Laboratory measurements of porosity and matrix permeability are essential for accurate petrophysical characterization to aid in optimized planning for field development. The core must be cleaned before any petrophysical properties, such as porosity and permeability, are measured. The goal of the cleaning process is to remove all hydrocarbons, water and any possible invasion of drilling fluid during the coring process. Multiple cleaning methods, including flow-through cleaning, centrifuge flushing and distillation/extraction using Dean-Stark or Soxhlet methods are used and have been proven to be effective methods in conventional core. However, for unconventional rocks with ultra-low permeability like shales, the above methods are ineffective and time consuming. The distillation/extraction cleaning process has potential to induce micro fractures and/or parting of the rock that affect the measurements. Moreover, some cleaning methods for tight rocks involve crushing the sample to make the process time efficient. The disadvantages with this method include destroying the pore structure and rock fabric, overestimation of permeability and the amount of removable fluids and the inability to measure permeability under stress.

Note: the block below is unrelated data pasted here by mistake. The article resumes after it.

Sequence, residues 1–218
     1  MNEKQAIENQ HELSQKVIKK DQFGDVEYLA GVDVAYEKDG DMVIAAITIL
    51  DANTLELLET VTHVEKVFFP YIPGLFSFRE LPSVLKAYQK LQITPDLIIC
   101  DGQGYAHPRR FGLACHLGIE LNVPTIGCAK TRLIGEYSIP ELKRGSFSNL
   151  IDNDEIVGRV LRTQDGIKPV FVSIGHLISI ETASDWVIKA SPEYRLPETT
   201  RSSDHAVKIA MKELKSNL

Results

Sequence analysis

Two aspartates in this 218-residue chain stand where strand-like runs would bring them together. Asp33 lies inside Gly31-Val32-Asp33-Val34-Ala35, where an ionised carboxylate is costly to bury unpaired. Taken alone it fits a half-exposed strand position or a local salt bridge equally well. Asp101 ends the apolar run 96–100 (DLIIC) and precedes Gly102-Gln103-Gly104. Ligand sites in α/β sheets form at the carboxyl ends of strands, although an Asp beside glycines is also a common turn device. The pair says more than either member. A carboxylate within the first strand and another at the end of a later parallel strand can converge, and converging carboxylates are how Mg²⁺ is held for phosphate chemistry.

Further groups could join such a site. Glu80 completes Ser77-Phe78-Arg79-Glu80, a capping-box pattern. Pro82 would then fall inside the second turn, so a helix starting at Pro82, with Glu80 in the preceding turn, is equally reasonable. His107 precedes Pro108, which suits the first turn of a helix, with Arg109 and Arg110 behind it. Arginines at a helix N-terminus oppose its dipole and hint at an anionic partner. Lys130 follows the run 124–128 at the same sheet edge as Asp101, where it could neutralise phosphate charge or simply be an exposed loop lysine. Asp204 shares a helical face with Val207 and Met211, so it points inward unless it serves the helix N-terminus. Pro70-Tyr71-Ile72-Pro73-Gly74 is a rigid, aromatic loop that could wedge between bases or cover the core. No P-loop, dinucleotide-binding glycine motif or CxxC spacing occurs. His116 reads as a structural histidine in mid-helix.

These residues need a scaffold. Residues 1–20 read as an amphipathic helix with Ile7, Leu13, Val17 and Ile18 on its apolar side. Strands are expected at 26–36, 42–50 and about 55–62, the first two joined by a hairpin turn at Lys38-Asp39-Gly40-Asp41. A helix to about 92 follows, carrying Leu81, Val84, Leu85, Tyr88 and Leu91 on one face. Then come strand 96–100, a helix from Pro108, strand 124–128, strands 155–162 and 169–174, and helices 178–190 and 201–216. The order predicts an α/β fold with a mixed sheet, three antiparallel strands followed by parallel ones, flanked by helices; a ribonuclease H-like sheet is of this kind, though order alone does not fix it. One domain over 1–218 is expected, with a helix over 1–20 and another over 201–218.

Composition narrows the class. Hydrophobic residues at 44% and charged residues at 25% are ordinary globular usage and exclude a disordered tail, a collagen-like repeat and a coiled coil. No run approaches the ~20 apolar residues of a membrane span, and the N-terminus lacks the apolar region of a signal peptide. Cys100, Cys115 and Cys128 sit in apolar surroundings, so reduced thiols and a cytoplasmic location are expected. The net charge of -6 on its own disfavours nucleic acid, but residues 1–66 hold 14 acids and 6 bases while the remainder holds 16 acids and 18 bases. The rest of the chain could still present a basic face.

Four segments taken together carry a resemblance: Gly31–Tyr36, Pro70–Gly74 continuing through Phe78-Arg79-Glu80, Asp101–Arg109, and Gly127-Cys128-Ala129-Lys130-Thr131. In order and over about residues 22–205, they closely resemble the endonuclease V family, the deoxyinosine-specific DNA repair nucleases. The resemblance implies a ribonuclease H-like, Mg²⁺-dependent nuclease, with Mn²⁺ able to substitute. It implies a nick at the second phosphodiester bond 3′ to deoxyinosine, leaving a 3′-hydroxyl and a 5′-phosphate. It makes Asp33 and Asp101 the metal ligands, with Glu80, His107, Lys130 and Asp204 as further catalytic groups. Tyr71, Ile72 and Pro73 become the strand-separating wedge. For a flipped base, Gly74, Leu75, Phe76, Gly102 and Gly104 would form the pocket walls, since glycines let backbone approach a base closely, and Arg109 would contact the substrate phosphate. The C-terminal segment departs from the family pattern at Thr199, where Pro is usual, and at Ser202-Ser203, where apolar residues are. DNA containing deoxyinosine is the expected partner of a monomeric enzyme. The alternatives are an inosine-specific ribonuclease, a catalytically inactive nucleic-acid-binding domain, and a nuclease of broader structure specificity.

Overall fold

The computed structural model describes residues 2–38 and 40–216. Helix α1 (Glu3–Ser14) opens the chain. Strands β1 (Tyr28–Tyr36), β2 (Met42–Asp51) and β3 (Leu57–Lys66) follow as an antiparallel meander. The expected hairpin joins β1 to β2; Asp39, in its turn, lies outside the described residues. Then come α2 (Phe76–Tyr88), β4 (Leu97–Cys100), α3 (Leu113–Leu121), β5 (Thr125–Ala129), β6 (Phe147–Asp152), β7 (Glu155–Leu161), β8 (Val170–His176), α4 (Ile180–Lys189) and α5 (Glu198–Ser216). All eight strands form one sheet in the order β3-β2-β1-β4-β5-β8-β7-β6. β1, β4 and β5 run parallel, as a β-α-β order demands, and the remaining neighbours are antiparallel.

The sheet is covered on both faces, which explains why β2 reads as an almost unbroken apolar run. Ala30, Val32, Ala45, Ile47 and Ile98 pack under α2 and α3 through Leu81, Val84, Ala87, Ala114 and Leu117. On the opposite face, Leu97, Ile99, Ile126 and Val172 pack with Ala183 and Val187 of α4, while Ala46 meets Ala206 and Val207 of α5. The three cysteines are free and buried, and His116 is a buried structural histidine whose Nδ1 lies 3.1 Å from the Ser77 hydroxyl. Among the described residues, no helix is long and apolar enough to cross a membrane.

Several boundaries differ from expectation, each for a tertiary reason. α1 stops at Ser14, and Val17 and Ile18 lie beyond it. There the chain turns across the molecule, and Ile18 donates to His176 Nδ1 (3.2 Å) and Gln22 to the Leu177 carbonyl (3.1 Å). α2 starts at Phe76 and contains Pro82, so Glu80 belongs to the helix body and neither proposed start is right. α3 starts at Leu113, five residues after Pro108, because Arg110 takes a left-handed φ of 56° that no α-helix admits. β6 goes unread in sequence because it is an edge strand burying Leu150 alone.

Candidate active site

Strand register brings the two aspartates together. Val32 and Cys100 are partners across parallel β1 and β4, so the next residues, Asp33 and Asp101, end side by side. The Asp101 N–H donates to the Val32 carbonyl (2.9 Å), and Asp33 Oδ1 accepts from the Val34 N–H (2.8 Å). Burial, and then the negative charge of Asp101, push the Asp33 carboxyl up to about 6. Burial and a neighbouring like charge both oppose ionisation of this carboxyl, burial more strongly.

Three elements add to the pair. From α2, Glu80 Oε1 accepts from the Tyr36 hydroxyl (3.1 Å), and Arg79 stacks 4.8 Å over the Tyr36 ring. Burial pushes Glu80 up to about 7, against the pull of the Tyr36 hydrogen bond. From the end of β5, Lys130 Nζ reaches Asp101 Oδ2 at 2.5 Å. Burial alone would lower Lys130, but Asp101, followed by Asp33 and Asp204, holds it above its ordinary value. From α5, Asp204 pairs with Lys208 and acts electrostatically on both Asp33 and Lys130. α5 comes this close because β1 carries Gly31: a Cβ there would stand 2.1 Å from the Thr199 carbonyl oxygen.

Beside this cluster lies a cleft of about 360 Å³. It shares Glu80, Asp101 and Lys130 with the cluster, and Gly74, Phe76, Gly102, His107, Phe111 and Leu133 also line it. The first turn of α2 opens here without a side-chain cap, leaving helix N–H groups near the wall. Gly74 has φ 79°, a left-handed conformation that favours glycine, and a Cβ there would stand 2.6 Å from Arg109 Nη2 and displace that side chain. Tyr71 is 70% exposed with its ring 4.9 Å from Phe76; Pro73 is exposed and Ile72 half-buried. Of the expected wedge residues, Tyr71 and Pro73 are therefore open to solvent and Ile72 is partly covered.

In this paper, an alternative technique for removal of mobile fluids from intact plug samples for subsequent permeability measurement is explored. The method involves multiple cycles of pressurized CO2 driven extraction. Samples from low permeability formations were cleaned using the proposed method. CT scans, microscopic images and steady state permeability measurements were employed to ensure the samples selected for this study were free of any pre-existing fractures. The weights of the samples were monitored at the end of each cleaning cycle. The cleaning process was considered complete when the weights stabilized. Comparison of pre and post cleaning oil and water saturation measurements using Karl-Fischer, Pyrolysis, and NMR indicate a significant decrease in fluid saturations. Lastly, porosity of the samples also increased as a result of the cleaning process.

The technique introduced in this paper provides a means to more accurately measure the absolute matrix permeability of ultra-tight rock, improving the understanding of fundamental petrophysical properties.

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